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Commodities Drop a 6th Day as Greek Crisis Fuels Concerns

Commodities fell, marking the longest slump since August, as a global equity rout and an unraveling bailout of Greece increased the risk that a slowdown in the global economy will curb demand for raw materials.

The Standard & Poor’s GSCI Spot Index (MXWD), which tracks 24 commodities, lost less than 0.1 percent to settle at 648.28 at 3:44 p.m. in New York, leaving the gauge up 0.5 percent this year. The index fell to 641.8 yesterday, the lowest since Dec. 29, as the euro extended a drop. Silver and gold plunged to four-month lows. The MSCI All-Country World Index of equities dropped to the lowest since January today.

Wheat, corn and zinc led the commodity decline today after the head of Greece’s biggest party failed to reach an agreement on a new government. That left responsibility for forming an administration to Alexis Tsipras of the Syriza party, who said he’ll cancel the bailout. Services and manufacturing shrank in April in the euro region, and unemployment soared to a 15-year high, according to reports last week. The U.S. added fewer jobs than forecast last month, government data showed last week.

“Investors should adopt the fetal position,” said John Stephenson, who helps to manage $2.7 billion at First Asset Investment Management Inc. in Toronto. Commodity prices may extend declines, he said.

Oil fell for a sixth day, the longest slump in almost two years, with the futures contract for June delivery declining as much as 1.9 percent to $95.17 a barrel on the New York Mercantile Exchange. Gold futures for June delivery lost as much as 1.6 percent to $1,578.50 an ounce on the Comex, the lowest since Jan. 3. Silver futures for July delivery fell as much as 2.9 percent to a four-month low of $28.615 an ounce.

‘Off the Table’

“You’ve got U.S. growth, which looked promising, softening,” Stephenson said. “You’ve got Europe clearly in the middle of a crisis, and you’ve got China still reluctant to be accommodative. For a while, global growth is off the table.”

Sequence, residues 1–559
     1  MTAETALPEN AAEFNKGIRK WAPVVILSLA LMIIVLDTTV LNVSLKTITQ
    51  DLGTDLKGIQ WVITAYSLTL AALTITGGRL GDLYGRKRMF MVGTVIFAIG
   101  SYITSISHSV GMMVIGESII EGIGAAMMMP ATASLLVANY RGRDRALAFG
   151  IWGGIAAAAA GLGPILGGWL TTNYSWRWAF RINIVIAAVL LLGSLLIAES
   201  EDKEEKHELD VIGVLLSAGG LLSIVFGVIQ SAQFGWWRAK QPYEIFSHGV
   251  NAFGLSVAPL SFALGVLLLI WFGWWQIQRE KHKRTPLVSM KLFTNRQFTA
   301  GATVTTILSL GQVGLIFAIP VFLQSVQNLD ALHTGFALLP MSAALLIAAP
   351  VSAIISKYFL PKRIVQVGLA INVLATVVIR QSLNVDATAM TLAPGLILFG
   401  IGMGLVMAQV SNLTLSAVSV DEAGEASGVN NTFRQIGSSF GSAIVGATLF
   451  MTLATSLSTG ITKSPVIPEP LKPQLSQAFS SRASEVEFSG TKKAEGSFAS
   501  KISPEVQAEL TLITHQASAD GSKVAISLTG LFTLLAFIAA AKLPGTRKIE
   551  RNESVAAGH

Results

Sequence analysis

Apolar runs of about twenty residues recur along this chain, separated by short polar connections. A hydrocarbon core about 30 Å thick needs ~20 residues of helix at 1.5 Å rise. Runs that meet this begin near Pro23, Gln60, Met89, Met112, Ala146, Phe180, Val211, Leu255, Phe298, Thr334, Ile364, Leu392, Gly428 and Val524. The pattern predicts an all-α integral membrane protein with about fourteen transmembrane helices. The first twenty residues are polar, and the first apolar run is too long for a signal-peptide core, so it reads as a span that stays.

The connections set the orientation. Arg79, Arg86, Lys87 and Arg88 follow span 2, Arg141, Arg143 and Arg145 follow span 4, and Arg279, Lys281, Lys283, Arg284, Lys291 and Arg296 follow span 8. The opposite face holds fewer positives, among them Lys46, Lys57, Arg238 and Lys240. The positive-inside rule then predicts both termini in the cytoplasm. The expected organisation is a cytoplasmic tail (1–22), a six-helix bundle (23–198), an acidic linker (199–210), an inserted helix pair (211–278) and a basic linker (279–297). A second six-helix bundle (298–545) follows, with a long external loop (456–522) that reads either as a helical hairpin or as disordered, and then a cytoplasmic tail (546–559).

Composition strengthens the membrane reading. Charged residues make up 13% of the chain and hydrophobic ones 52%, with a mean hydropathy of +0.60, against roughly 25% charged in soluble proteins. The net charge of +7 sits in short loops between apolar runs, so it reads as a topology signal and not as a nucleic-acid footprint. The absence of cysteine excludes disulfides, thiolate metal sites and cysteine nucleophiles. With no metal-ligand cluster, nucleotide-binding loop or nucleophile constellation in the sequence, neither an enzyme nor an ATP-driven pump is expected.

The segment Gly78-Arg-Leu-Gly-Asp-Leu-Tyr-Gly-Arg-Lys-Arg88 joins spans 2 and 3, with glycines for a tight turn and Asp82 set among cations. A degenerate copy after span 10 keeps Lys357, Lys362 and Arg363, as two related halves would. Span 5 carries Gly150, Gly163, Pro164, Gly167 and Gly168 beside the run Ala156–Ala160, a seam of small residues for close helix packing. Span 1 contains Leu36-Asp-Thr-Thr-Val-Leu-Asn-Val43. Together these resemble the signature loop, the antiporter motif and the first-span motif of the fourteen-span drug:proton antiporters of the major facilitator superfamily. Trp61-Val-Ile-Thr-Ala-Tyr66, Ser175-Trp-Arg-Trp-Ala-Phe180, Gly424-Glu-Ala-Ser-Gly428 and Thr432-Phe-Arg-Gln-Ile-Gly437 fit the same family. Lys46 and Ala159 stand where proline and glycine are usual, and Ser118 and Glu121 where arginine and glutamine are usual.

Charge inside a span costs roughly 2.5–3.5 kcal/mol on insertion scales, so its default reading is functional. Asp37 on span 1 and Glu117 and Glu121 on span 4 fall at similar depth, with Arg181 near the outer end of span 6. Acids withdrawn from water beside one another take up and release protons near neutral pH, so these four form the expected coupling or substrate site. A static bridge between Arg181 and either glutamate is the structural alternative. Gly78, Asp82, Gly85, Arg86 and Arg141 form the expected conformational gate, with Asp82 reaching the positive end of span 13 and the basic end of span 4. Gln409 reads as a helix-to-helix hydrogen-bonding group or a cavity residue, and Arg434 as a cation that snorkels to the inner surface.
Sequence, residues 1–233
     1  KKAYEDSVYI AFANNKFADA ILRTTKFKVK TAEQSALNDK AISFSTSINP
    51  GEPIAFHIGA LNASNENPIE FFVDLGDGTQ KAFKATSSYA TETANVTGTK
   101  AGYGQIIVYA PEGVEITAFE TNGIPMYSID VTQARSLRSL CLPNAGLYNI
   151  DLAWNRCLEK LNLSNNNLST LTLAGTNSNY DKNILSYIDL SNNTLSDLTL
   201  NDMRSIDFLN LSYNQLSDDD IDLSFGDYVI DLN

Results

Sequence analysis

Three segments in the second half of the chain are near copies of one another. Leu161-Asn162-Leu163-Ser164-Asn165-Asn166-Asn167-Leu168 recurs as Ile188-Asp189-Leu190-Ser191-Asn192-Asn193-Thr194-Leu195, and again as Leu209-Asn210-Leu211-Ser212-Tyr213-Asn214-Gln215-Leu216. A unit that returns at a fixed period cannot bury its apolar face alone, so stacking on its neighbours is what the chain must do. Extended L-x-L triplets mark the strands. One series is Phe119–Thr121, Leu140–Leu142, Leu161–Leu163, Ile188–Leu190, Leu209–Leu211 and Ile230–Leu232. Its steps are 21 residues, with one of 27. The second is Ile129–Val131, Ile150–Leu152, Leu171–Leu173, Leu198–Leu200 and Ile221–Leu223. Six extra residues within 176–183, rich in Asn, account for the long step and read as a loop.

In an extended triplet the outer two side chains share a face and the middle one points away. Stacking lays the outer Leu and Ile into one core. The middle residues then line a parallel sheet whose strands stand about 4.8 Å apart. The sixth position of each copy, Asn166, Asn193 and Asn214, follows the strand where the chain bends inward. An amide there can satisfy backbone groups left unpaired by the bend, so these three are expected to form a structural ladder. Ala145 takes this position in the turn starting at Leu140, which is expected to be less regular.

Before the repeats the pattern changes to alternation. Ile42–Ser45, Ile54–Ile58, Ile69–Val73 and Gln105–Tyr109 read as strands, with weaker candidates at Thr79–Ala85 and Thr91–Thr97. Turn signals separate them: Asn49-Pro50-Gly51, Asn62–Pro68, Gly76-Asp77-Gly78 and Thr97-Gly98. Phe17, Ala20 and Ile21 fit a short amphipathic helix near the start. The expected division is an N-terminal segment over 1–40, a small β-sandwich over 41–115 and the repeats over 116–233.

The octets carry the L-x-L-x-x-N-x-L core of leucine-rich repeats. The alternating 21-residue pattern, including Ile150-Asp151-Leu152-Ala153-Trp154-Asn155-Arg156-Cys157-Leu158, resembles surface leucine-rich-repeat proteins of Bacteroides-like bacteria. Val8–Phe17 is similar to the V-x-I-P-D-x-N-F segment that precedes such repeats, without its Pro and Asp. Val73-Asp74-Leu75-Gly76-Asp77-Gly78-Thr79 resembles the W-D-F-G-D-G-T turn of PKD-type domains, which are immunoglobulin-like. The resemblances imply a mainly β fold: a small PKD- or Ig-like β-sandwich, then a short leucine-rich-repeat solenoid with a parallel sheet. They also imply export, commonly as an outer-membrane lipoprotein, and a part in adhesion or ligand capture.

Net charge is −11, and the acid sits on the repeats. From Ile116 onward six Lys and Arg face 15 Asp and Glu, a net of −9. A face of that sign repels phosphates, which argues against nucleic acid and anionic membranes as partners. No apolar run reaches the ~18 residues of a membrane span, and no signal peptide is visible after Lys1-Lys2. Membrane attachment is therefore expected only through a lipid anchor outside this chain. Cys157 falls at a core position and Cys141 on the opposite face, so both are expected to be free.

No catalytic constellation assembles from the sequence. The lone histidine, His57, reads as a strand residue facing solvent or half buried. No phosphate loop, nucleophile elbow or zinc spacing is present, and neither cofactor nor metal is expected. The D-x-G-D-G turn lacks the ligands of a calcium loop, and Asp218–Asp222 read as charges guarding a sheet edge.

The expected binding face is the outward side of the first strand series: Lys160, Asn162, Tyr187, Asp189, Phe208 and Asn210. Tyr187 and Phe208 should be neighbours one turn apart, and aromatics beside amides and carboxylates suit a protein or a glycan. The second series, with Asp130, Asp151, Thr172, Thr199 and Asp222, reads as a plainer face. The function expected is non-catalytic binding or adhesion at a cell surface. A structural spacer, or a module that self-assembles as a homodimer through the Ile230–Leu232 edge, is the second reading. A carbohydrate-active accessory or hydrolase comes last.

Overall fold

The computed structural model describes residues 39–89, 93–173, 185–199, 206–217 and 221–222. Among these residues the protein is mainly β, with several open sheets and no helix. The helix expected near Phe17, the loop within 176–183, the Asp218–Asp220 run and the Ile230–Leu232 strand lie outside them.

In Greece, Tsipras said he expected Antonis Samaras of New Democracy and Evangelos Venizelos, who leads Pasok, to revoke written pledges to implement austerity. Both rejected the call.

The euro dropped for an eighth straight session to the lowest since late January. European stocks fell to the lowest level in almost four months, and Spanish default risk climbed to a record.

Base metals declined, with zinc falling as much as 2.5 percent to $1,925.75 a metric ton on the London Metal Exchange, the lowest since Jan. 12. Lead dropped as much as 2.2 percent. Wheat prices fell 2.4 percent, marking the biggest decline in a week on the Chicago Board of Trade, on the outlook for increased U.S. supplies.

“Political turmoil in Greece raised concerns that the nation may not implement austerity measures and worsen Europe’s debt crisis,” Ken Kajisa, an analyst at broker ACE Koeki Co. in Tokyo, said by telephone. “Risk aversion by investors increased, leading to sales of industrial commodities.”

To contact the reporters on this story: Elizabeth Campbell in Chicago at ecampbell14@bloomberg.net; Glenys Sim in Singapore at gsim4@bloomberg.net

To contact the editor responsible for this story: Steve Stroth at sstroth@bloomberg.net

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